S's paper pieced tiny log cabin squares.
S managed to creat 2 wall hangings.

Saturday, February 16, 2013

Quilt Group Challenge Projects: Pictorial Pieces

Post number 2 with more pictures from the Y. Quilters Group Challenge.
Here are the pictoral quilted pieces comprised of squares and wall hangings from our Quilt Groups Challenge. We were all given a fat quarter of our birthstone color.
When a member asked S if the bow was shiny, she said yes and remember not to iron over it!

J, is making a whole set of these international doll squares.

N said she was inspired with her embellishments by a guest speaker we had - Sandy

Feb is S's birthday month so she made her own cake.

F tried many different techniques, including adding wire for a 3 dimensional butterfly. There's even a frog in that pond.

B made a birthday card for her two daughters. The dresses have beading embellishments

F read a poem about her piece.

This one is mine and I surrounded one of my hand (dye) painted textile art pieces with dimensional flying geese. Free motion stitching, thread painting and beading embellished the piece.

Tuesday, February 12, 2013

Quilt Group: Challenge Projects

Lots of anticipation was building at our weekly quilting group meetings over the last few weeks as the due date for our quilt groups' challenge grew near. We laughed to see only half the members' hands were raised a couple of weeks ago when our president asked us if we had the project completed. From the many projects shown today, some members work best under pressure.
The challenge was presented to us by our president, one year ago, when she gave each participating member a fat square of fabric in the colour of our birthstone. We were to create any quilted piece we wanted, with some of this fabric to be included in it.
The projects ranged from traditional quilts, to wearable art, to pictorial depictions. So fun to see each person's personality in their work. In this post I will include photos of the wearable art we saw today and I will include the other quilt member's creations in following posts. Thanks group member's for allowing me to photograph your work. Your quilted pieces are inspirational for me and now they can be for others too.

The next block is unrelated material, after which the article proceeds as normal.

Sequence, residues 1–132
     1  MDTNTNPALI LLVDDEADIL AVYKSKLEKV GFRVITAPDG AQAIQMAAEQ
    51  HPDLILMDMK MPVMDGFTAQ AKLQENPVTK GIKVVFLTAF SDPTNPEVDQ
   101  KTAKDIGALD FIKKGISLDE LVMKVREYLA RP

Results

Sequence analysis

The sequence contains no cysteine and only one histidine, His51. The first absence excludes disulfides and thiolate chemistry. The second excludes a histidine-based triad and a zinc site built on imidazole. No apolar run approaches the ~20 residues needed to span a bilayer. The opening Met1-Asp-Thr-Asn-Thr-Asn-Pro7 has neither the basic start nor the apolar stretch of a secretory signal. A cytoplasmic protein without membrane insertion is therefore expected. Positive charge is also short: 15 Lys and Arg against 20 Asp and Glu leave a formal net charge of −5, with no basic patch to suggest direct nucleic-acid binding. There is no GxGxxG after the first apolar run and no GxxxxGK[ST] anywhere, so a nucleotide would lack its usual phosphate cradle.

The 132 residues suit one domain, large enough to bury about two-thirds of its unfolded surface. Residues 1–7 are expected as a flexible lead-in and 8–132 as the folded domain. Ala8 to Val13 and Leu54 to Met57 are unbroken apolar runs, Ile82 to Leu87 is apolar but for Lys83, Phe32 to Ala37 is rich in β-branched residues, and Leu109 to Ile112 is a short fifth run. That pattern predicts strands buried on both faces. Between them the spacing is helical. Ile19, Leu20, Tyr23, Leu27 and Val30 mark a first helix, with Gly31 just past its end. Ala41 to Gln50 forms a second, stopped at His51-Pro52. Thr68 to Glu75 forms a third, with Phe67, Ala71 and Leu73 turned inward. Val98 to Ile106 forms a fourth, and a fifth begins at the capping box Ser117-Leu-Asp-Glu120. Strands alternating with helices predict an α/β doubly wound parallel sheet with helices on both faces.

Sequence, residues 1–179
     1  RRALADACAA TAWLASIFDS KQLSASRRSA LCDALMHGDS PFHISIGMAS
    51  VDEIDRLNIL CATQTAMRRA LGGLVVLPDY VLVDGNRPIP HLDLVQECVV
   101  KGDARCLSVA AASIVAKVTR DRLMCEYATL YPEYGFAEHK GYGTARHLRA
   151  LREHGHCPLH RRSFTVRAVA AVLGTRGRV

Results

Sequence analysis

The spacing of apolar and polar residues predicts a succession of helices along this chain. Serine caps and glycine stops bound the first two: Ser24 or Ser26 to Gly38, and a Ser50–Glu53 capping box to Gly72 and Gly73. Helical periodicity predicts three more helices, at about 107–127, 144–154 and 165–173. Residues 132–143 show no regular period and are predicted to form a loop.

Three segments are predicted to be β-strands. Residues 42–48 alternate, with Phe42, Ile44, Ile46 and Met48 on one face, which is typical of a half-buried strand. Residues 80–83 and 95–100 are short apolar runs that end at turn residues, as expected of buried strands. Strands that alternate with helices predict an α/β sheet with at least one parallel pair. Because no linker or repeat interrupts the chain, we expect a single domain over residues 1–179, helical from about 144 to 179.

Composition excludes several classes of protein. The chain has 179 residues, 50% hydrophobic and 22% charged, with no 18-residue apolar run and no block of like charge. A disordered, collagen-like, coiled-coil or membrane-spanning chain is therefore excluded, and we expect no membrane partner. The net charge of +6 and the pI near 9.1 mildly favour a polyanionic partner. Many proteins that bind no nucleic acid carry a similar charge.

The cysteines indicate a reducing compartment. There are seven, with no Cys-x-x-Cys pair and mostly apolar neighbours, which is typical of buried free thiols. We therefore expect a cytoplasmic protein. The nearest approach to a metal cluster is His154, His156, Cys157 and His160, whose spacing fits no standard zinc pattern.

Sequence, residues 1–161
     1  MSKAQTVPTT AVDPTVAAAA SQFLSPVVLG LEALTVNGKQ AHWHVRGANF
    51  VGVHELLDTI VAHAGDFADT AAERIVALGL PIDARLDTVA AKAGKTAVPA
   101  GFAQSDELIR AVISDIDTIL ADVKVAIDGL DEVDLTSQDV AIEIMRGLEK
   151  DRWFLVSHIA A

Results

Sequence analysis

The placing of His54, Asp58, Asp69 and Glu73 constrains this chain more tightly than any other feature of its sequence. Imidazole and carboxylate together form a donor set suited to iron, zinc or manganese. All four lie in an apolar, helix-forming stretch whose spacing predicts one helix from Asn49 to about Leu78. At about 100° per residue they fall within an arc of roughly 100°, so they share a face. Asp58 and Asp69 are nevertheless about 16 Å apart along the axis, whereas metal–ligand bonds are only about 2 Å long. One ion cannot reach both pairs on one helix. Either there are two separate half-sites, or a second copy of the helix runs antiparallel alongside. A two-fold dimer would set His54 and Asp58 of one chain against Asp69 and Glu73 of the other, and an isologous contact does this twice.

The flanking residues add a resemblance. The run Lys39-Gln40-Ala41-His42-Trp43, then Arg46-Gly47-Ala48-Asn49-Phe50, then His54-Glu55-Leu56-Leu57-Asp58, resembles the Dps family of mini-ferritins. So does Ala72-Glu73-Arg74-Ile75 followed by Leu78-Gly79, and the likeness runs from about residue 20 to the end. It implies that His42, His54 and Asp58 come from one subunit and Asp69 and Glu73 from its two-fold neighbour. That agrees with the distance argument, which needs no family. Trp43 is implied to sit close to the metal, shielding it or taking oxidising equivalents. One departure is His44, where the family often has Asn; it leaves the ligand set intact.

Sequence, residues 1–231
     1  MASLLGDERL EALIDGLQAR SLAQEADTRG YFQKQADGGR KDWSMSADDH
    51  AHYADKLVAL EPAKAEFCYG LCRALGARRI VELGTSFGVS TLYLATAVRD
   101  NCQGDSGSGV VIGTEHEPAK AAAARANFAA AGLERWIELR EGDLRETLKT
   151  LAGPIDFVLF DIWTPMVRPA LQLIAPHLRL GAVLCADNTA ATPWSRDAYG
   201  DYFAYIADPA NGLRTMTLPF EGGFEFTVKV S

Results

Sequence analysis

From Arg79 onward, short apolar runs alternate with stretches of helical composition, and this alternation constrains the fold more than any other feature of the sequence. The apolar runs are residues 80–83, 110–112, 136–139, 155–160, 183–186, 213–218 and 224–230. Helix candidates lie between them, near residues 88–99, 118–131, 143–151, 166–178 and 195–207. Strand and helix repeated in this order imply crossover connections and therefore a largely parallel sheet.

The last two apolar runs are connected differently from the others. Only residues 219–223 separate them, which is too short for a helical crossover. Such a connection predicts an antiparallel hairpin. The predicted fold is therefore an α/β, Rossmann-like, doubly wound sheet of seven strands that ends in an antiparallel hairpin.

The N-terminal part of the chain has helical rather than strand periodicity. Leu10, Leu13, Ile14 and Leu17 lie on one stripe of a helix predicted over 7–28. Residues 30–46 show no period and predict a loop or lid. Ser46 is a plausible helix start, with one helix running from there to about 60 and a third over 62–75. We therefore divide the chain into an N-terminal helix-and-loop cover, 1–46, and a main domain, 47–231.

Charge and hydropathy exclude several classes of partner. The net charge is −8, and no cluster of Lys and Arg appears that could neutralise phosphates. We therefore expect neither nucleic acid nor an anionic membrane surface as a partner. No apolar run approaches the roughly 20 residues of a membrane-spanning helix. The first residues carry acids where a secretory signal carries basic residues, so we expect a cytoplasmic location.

This jacket fit C perfectly.
Wow, beauuutiful.

B made 2 projects but she said  "the first one was ugly". Of course we wanted to see it. At least we got to see this lovely jacket.
J is giving this jacket to our club to sell. Very generous J.


Sunday, February 10, 2013

Western Tanager

Watercolour: 'Western Tanager with Orange'
11 X 15" $235.
Thanks Patty for sharing your bird photos! Even though my friend Patty lives in Oregon and I live in the Kootenays of British Columbia, many of the same birds frequent both our areas. Usually, I see the western tanager in  coniferous forests but one time in some cottonwood trees, near some wetlands, I watched as a tanager bothered a bald eagle until it finally moved on. I can only think it was near it's nest. Quite something to see such a small bird swooping in on the large eagle.